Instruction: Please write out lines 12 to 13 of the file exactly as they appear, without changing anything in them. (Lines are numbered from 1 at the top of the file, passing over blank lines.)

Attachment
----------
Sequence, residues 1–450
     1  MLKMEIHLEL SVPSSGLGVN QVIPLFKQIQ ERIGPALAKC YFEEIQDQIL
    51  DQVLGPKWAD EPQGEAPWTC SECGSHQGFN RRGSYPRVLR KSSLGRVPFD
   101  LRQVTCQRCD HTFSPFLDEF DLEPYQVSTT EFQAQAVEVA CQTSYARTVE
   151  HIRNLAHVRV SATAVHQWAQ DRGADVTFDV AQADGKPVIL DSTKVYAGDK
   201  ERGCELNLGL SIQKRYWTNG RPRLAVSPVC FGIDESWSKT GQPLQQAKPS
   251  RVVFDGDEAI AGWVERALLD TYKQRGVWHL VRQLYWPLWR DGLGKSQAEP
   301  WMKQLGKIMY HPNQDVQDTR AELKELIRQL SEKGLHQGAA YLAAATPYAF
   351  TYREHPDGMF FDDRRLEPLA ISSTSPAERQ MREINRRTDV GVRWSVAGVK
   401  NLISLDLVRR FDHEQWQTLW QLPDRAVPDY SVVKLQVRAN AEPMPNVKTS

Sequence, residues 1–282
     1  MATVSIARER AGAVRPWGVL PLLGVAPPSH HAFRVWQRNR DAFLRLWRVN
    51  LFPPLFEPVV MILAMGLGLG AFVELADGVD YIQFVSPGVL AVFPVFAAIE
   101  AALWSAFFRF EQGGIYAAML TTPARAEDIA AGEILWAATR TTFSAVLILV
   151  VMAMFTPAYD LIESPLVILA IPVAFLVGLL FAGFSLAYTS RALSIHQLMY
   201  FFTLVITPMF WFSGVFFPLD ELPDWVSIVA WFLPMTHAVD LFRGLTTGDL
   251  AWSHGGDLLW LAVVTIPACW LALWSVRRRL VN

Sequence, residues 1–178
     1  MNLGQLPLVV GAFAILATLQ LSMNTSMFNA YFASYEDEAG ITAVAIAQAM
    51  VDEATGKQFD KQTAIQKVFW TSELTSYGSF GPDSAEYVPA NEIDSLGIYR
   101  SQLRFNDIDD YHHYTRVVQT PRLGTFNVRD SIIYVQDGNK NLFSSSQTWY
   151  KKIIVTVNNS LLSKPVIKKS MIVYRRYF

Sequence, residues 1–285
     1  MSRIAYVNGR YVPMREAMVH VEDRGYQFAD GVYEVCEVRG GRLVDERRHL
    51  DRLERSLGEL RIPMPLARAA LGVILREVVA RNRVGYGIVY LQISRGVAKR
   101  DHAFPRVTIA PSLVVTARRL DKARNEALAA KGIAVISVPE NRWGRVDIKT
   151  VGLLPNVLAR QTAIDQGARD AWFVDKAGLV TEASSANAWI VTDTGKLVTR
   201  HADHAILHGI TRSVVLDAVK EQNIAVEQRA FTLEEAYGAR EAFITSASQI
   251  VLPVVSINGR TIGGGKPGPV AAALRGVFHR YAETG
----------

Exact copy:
     1  MATVSIARER AGAVRPWGVL PLLGVAPPSH HAFRVWQRNR DAFLRLWRVN
    51  LFPPLFEPVV MILAMGLGLG AFVELADGVD YIQFVSPGVL AVFPVFAAIE